Today has been a busy day for AstraZeneca – the company has announced interim results for the six months to the end of June, which overall are ahead of expectations, driven by sales which are better than anticipated and good cost control which again has surpassed analysts’ forecasts.
From my point of view, these results continue to demonstrate good progress towards the strategic goals which the management team has communicated clearly to shareholders and the market. Guidance for the full year is unchanged. So far so good.
The disappointing news today is the result from the phase III Mystic trial in lung cancer where, in both the monotherapy and the combination therapy arms of the study, the trial failed to meet the progression free survival end point. The overall survival data, which arguably is more important for the drugs’ (Imfinzi and Tremelimumab) ultimate success in this lung cancer setting, is yet to report. We expect to see this data in the next six months or so. This is the failure of one part of a trial which, albeit important, is not a drug failure. We already know that Imfinzi is an effective cancer treatment and is approved in advanced bladder cancer. Recent data in the Pacific study showed an approvable trial outcome in non-operable stage three lung cancer. Perhaps, at a time like this when the stock market is in such a febrile state and prone to overreact to news, especially when it is bad, it is important to remind investors that all four of the large immuno-oncology players (Roche, Merck, Bristol-Myers Squibb and AstraZeneca) have all had cancer trial set backs in recent months.
In my view, today’s trial reading does not justify a 16% 1 fall in the value of the company and it is not evidence of the failure of the drug, nor of the strategy, nor indeed of the rationale for my investment in AstraZeneca.
In addition to the results and the progression free survival failure in Mystic, it is worth drawing our investors’ attention to the rationale on which I have based my investment decision in AstraZeneca.
Although the market paid little attention to two further announcements today, they are very significant. First, the company has announced positive results from another lung cancer trial. Data from the phase III Flaura trial shows a significant and clinically meaningful progression free survival benefit with the drug Tagrisso in a different lung cancer setting. This is very good news.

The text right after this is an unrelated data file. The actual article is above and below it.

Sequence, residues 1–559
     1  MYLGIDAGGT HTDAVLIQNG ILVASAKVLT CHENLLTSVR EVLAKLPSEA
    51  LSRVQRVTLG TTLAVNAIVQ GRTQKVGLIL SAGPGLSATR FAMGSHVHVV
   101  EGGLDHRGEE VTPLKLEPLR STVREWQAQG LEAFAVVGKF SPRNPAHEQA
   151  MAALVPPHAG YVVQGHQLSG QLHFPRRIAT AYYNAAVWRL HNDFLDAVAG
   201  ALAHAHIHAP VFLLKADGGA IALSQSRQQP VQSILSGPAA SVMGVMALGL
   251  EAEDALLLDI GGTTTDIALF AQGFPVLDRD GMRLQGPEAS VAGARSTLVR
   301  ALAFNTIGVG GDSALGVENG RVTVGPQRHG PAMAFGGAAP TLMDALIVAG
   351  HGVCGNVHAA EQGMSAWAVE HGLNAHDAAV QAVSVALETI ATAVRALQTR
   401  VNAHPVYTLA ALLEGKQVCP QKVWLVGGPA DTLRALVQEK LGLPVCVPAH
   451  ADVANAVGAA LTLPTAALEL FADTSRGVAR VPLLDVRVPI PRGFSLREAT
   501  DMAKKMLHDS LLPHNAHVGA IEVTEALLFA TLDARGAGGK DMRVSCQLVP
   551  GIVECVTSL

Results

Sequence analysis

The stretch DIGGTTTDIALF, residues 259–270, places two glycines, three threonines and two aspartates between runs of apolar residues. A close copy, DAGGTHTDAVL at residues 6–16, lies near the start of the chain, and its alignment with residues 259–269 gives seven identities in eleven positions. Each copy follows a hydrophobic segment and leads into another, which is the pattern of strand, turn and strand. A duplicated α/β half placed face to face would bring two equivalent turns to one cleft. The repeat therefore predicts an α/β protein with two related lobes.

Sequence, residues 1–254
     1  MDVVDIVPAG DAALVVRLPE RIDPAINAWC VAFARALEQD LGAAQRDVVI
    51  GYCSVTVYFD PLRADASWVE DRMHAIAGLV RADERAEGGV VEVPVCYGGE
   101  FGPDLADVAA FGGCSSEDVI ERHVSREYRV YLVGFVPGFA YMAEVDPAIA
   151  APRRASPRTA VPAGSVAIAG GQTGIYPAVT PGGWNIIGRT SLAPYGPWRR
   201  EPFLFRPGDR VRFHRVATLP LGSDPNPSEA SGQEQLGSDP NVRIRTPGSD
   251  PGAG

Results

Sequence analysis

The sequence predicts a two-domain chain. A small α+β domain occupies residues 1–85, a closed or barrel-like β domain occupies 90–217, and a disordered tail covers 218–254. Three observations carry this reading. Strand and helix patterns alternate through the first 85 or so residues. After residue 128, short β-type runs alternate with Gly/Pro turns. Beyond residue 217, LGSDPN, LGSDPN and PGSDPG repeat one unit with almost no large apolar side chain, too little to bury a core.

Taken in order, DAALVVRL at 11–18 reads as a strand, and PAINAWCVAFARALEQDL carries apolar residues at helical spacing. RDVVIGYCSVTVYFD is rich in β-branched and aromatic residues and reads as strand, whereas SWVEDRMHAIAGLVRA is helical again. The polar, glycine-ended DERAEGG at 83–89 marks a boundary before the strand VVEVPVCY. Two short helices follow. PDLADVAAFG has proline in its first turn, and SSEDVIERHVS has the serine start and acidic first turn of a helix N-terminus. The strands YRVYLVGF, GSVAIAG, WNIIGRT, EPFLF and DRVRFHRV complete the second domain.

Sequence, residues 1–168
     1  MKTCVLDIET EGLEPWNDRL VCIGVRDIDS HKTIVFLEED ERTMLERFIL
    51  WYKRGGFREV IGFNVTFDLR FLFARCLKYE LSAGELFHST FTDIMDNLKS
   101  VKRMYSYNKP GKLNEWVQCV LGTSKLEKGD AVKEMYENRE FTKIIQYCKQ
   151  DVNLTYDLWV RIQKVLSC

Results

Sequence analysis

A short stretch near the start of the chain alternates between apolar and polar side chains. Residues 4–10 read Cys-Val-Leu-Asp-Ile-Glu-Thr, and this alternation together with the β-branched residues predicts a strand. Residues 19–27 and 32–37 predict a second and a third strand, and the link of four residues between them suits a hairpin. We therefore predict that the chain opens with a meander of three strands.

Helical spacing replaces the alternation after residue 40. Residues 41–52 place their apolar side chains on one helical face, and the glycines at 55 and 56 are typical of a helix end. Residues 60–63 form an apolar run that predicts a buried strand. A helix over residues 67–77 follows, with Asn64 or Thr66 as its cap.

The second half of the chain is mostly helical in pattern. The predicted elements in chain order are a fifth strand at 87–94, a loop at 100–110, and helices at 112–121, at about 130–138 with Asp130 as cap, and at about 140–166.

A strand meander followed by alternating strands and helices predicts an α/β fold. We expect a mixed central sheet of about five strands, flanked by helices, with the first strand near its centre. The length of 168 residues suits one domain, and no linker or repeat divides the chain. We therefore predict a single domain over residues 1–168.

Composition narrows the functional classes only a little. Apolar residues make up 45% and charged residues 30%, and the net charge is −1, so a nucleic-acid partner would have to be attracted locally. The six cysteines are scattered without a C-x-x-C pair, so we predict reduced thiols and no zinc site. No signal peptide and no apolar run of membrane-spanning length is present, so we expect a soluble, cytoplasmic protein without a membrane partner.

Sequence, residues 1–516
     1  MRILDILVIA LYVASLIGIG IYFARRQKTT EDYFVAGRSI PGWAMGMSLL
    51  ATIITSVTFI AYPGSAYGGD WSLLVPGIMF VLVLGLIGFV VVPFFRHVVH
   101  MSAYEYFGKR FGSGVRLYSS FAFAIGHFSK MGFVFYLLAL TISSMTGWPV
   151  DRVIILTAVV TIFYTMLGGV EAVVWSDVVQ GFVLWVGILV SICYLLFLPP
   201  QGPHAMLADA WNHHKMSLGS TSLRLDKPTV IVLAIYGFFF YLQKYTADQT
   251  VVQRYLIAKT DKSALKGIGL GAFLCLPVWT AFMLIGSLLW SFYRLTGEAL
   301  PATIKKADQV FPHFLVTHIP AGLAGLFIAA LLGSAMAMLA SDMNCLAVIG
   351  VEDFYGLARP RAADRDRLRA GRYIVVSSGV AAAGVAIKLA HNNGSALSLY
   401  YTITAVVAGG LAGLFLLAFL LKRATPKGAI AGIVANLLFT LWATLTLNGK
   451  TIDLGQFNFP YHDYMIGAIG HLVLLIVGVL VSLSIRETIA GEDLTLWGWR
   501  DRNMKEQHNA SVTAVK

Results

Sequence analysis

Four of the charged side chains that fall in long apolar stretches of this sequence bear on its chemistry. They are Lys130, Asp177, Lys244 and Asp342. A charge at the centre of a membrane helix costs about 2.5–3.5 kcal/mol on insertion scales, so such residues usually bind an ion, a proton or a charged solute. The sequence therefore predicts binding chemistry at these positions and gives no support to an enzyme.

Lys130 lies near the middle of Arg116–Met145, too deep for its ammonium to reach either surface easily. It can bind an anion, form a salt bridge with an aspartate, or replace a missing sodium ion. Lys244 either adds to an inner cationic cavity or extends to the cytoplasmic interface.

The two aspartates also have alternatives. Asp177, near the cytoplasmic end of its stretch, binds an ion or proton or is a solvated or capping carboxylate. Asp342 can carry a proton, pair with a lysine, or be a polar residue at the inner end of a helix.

In addition, and possibly of even greater importance, was the announcement of a collaboration with Merck to independently develop and commercialise AstraZeneca’s approved cancer drug Lynparza (a PARP inhibitor) and Selumetinib (a MEK inhibitor) in combination with Merck’s Keytruda drug and the company’s Imfinzi.
The companies will share development and marketing costs equally as well as profits on Lynparza and Selumetinib in all indications. In return, Merck will pay AstraZeneca up to $8.5bn including an upfront payment of $1.6bn and a further $750m for various licence options. This is clearly a very significant financial deal. It is also a very significant endorsement of the potential of these two small molecule drugs (Lynparza and Selumetinib) in broader cancer settings, in combination with the two companies’ immuno-oncology agents. In my view, this is yet more evidence of the commercial potential across AstraZeneca’s pipeline, which the market has seen today pivoting only on the Mystic trial.
So where does all this news leave my views on AstraZeneca?
As I have said repeatedly, the investment case for AstraZeneca is about so much more than this one trial. Across a broad spread of disease areas, the company is developing new ground-breaking therapies which have significant commercial potential. Much of that is more visible today than at any stage since its CEO, Pascal Soriot, set out his strategic goal to double sales by 2023. The market remains deeply sceptical that anything like that is remotely possible. Consequently, almost nothing of this potential is priced into the shares.
I believe there is more than enough evidence to show that its chief executive’s strategy is working. Not everything will work first time and there will, like today, be other setbacks. I expect this and so does the company. The question I have to ask is, what is discounted in the share price? Not just today, but since I have had the holding and of course looking forward over the next three to five years. My view remains that very little of what I believe the company will achieve is reflected in today’s share price and even more so after today’s fall. The shares are simply too cheap and in a market liberally populated with expensive equities the investment case for AstraZeneca remains, in my view, very attractive.